Fashion weeks around the world have traditionally been a chance for clothing labels to show off their new collections to industry figures, specialist media and buyers. However, Mikellis says the purpose of Fashion Week has changed as fashion has democratised through the internet.
In the past, he says, consumers would never have seen the items on the runway until the next season because the lead time for fashion magazines was two to three months, but now the timeline has accellerated rapidly with the help of the internet. NZFW’s organisers have been obliged to introduce an open-to-the-public element called NZFW Fashion Weekend.
“From a New Zealand consumer’s perspective, fashion week is more about broadening and expanding the profile of the brand,” Mikellis says. “It still functions as a wholesale mechanism, with buyers attending and viewing the next season, but a marketing element has been added.”
Castles says a fashion show can cost anywhere between $20,000 to $100,000. He says World’s first and foremost goal is to capture new wholesale clients, securing orders from the collection on show to sell into those stores during the following season. He agrees with Mikellis that marketing and PR goals are also involved.
“The benefit would be different for each and every brand and would rely on what was most important to the brand at that particular time,” Castles says. “For instance when World last showed at NZFW in conjunction with the ‘NZ’s Next Top Model’ finale show our main goal was media attention and with that episode being watched by over one million people, we were able to achieve that goal – our sights, however, were not set on local capturing new wholesale clients.”
Regarding the interplay of costs and return within a label or boutique itself, Mikellis says part of the business of being a fashion label is about building the reputation of the brand through product lines. Some of those lines will be more profitable than others, and some may even be loss leaders: “Most good lineups of fashion products, there’s different margins there.”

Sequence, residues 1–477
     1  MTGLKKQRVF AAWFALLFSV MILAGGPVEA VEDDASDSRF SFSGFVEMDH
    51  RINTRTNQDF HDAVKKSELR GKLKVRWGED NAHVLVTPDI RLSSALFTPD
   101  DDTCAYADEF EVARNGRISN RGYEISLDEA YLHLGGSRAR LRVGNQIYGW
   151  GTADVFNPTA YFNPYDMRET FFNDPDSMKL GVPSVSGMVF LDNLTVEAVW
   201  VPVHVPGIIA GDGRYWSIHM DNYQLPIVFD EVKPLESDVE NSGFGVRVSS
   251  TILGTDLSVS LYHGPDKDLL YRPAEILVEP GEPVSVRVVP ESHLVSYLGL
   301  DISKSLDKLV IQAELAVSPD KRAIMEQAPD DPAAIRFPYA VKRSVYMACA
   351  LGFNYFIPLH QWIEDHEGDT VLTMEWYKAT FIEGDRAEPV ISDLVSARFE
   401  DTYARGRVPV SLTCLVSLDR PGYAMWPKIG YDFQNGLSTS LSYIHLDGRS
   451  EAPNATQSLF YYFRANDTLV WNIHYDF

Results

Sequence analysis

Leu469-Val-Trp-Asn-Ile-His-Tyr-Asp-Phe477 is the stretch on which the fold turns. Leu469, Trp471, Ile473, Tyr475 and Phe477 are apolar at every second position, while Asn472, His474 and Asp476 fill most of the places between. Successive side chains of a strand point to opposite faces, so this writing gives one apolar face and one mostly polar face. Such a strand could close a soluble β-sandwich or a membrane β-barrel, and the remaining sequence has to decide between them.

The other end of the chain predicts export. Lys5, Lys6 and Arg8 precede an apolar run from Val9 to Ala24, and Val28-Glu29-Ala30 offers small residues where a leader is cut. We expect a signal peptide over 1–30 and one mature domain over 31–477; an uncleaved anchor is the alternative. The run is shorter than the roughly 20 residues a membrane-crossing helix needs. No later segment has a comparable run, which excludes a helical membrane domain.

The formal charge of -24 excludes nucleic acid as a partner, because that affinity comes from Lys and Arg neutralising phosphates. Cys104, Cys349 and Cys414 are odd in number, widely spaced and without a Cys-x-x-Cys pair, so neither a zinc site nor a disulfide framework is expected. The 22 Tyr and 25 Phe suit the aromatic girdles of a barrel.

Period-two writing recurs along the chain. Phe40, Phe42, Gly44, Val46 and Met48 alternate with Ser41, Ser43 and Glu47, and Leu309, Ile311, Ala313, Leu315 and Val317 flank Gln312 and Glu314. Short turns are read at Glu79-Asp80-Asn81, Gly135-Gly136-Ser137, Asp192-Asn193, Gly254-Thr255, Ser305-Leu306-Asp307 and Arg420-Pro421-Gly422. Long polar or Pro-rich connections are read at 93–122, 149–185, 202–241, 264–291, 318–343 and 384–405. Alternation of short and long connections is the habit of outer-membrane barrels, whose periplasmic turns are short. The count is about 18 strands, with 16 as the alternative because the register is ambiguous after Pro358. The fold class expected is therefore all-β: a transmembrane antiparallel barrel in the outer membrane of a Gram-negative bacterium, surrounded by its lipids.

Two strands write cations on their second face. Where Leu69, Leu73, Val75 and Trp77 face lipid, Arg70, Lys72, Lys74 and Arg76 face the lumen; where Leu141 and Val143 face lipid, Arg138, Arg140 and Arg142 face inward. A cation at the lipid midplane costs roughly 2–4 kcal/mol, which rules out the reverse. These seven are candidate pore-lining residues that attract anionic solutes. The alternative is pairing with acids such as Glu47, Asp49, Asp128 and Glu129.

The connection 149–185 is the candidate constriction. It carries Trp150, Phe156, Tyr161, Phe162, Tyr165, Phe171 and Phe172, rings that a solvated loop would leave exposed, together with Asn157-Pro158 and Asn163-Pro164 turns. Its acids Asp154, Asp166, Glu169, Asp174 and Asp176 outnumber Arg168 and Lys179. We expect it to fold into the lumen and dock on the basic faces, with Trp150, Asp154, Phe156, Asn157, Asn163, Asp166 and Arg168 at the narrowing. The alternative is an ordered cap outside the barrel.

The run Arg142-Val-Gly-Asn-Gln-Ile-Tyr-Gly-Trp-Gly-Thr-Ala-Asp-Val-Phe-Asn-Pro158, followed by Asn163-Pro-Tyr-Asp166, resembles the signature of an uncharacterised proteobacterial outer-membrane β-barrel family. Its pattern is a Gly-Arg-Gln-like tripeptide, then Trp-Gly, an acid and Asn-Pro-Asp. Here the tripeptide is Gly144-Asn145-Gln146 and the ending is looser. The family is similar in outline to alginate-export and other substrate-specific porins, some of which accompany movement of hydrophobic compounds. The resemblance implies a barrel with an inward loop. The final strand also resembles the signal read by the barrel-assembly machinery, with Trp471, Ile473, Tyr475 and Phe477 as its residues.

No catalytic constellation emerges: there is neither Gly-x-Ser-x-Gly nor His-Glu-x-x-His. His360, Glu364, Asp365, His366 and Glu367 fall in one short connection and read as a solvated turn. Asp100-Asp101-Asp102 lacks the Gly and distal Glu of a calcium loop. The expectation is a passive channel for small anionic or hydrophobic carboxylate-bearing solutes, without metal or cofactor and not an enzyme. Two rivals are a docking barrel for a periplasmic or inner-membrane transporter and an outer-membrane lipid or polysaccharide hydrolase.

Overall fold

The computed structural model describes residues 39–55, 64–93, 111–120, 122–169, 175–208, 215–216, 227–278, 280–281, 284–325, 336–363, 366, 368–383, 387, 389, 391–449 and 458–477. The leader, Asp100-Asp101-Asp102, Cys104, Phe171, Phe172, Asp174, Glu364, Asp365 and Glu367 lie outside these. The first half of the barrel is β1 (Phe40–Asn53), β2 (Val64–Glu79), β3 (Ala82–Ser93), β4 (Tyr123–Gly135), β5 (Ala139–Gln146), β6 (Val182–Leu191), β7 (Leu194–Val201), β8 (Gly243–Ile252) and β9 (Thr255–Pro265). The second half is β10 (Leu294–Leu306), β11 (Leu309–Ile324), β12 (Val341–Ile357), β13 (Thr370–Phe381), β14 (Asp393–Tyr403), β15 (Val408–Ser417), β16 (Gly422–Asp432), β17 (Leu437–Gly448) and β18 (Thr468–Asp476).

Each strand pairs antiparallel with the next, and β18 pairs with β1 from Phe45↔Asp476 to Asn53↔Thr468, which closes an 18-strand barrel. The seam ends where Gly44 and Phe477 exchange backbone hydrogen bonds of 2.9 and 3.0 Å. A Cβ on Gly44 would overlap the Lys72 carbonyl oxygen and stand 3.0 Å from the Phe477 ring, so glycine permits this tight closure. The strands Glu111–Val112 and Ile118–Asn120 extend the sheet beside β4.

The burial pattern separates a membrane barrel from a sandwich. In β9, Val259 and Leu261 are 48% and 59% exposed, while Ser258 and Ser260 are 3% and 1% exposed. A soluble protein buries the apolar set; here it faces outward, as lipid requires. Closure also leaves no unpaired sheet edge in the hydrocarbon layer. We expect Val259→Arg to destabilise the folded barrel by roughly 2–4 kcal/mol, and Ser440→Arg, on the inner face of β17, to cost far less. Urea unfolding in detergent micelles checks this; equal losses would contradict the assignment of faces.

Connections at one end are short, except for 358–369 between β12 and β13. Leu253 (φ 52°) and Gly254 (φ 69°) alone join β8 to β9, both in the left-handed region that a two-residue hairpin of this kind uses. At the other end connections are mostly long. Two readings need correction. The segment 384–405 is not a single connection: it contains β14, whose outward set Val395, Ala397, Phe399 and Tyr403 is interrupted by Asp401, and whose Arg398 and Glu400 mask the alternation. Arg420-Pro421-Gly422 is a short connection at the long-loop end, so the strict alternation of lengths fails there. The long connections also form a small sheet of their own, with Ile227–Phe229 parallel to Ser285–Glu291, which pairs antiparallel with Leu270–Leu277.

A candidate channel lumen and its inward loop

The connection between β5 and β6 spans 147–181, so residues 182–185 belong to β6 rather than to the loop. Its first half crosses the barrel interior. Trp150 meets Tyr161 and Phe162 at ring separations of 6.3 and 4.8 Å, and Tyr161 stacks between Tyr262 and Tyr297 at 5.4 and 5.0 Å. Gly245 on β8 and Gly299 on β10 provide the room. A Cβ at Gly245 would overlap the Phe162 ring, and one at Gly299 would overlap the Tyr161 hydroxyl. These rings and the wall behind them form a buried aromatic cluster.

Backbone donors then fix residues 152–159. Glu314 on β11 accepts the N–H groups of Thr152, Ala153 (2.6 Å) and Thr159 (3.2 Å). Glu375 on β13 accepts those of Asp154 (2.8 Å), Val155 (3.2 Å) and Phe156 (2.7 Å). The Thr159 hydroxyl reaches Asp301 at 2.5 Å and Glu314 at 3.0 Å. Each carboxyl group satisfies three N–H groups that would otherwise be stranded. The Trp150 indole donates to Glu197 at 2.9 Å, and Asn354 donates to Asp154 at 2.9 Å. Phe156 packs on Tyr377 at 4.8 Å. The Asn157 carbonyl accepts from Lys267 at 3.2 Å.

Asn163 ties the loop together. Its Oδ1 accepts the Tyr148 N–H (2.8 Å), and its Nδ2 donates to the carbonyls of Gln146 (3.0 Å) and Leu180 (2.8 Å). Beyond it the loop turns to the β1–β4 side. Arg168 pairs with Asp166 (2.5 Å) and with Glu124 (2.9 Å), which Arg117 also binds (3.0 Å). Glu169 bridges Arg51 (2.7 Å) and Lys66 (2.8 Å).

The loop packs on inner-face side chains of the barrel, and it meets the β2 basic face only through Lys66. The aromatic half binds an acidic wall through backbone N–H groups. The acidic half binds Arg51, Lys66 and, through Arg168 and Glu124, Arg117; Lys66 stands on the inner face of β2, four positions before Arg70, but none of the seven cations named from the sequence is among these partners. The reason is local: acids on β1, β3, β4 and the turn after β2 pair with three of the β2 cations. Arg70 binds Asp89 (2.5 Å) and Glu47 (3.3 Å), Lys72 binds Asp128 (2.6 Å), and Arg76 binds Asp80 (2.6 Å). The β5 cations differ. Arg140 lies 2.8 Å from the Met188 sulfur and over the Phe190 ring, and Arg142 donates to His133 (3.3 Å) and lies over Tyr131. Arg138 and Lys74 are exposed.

Factors affecting the margins on different products include where the product is made, how it’s made, and different consumer perceptions of value. Mikellis is reluctant to name any significant mismatches between a product’s value and consumer perceptions, but says mismatches “absolutely” depend on where its brand sits in the market.
Mikellis says simple items like t-shirts have a greater margin on them compared with more labour-intensive items such as fully tailored suits, which are less efficient to produce. In purchasing an expensive branded t-shirt, he says, people are buying the idea of their association with the brand.
This aspirational bent is most clearly seen in fast-fashion brand collaborations such as Alexander Wang for H&M.
World began in 1989 as a concept retailer offering a unique selection of fashion, beauty and ‘object d’art’ items, and has just opened a new store in Ponsonby. As well as clothing, it stocks imported perfumes and cosmetics, plus unusual items selected by designer and co-owner Francis Hooper. Castles baulks at the implication that there might be any kind of deliberate structure behind this mixture.
“The collaboration of these products in a World store is in no formal way structured [or] financially coherent – it is about our brand staying true to its ethos and aesthetic.”
He says fashion is still the most profitable line for World as “we are creating and retailing ourselves”. The beauty and ‘other’ categories are not as high in value, but are no less important to the stores’ overall feel. Castles says based on past performance, the beauty segment has the greatest potential to grow: “Whilst fashion continues to grow naturally, it is the beauty side to the business that has the potential to grow quicker as a variety of supplier can offer us an unchanging product line that continue to grow in popularity.”
Castles is philosophical about the reality of retailing items made to push boundaries, saying World will often design a line of clothes despite having an understanding that these items will be unlikely to be profitable.
“When we absolutely believe in certain items and love that they present a most honest version of our brand ideals – but realise we are unable to use our classic recommended retail structure – we simply adjust to make it work.”
World often works with specific clients in this capacity, Castles says, creating items which fill them with joy.
“If we were in it for the money, we are in the wrong industry!”